As baby boomers age and the economy struggles to recover, the subject of age discrimination is being discussed more frequently than ever before. Everyone knows if an individual’s employment is subject to wrongful termination based solely on age, it would constitute age discrimination. But there are many other situations in which age discrimination can occur.
When an employer is seeking a new employee, it is unlawful for her to directly ask the age of the prospective employee or to ask questions to help her ascertain the interviewee’s age. While this is fairly common knowledge, what you may not know is that it is also illegal for an employment agency to use age as a basis for referring potential employees to a company. Some companies try to get around the age discrimination issue by having an employment agency do the screening for them. In a case involving Hollywood TV writers over 40, talent agencies were included as defendants because they were not recommending older writers to networks and studios for sitcoms or dramas. In 2010, the case was settled when the defendants agreed to pay $70 million to thousands of writers whose careers were damaged by this discrimination.
The Age Discrimination in Employment Act of 1967 also pertains to unions. Unions may not discriminate against potential members, nor may they use age as a basis for referring individuals for employment. A union may also be liable if it fails to act on an employer’s discrimination against an employee.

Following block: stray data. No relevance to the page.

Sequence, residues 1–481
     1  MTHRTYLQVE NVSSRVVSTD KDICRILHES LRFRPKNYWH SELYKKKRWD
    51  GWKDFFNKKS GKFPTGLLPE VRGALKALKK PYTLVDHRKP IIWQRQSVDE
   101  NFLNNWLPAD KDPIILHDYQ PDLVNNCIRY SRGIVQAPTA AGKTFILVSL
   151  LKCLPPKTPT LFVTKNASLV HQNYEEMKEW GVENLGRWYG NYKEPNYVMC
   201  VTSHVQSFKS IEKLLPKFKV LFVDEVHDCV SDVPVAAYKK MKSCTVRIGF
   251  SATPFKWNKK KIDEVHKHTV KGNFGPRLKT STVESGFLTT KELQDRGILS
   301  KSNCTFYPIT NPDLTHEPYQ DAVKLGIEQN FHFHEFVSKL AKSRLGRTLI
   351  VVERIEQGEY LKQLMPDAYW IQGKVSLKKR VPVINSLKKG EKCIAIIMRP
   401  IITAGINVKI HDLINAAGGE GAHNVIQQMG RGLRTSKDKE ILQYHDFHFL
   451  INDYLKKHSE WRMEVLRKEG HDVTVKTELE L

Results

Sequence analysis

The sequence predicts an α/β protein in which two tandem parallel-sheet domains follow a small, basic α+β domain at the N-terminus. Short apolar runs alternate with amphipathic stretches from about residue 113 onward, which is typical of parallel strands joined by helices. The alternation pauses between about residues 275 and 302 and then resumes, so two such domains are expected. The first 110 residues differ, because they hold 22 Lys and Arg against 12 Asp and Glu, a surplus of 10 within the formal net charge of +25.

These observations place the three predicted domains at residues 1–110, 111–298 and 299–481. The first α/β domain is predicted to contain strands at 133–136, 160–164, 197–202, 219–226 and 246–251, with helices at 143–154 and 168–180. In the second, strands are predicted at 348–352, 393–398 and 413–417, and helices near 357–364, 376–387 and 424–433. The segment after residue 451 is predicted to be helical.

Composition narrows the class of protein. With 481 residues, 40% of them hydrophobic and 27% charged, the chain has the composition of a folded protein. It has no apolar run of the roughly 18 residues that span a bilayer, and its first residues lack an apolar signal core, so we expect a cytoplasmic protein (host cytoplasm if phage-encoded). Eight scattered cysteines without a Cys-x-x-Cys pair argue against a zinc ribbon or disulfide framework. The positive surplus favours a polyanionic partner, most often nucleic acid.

An individual can be discriminated against for youth as well. Even though he may be qualified as far as experience and education, a younger applicant may be passed over for a supervisory role because the interviewer incorrectly thinks he will be less authoritative and not respected by older employees. Young female applicants may also be wrongfully denied employment if the prospective employer thinks she will need maternity leave or may decide to quit working after having a child.
Age discrimination can be charged when an individual is denied the opportunity to advance based on age. In August 2011, 3M settled an age discrimination lawsuit with former employees for $3 million. One aspect of the suit was denying older employees leadership training. One piece of evidence was an employee e-mail that described the CEO’s “vision for leadership development” as “we should be developing 30-year-olds with General Manager potential… He wants us to tap into the youth as participants in the leadership development.”
Federal discrimination laws pertain only to companies that have 20 or more employees. State laws frequently have different limits. The Kentucky Civil Rights Act states that places employing more than eight employees are subject to discrimination laws. Indiana’s discrimination laws pertain to any for-profit company that has at least one employee.
The Kentucky employment lawyers of Charles W. Miller & Associates, with offices located in Louisville, have been representing victims of age discrimination and other employment issues for over eight years.
Hollywood Writers’ Age-discrimination Case Settled; Los Angeles Times; Richard Verier; September 23, 2010
3M to Pay $3 Million to Settle EEOC Age Discrimination Suit; U.S. Equal Employment Opportunity Commission; August 22, 2011
Age Discrimination in the Hiring Process; Baby Boomer Care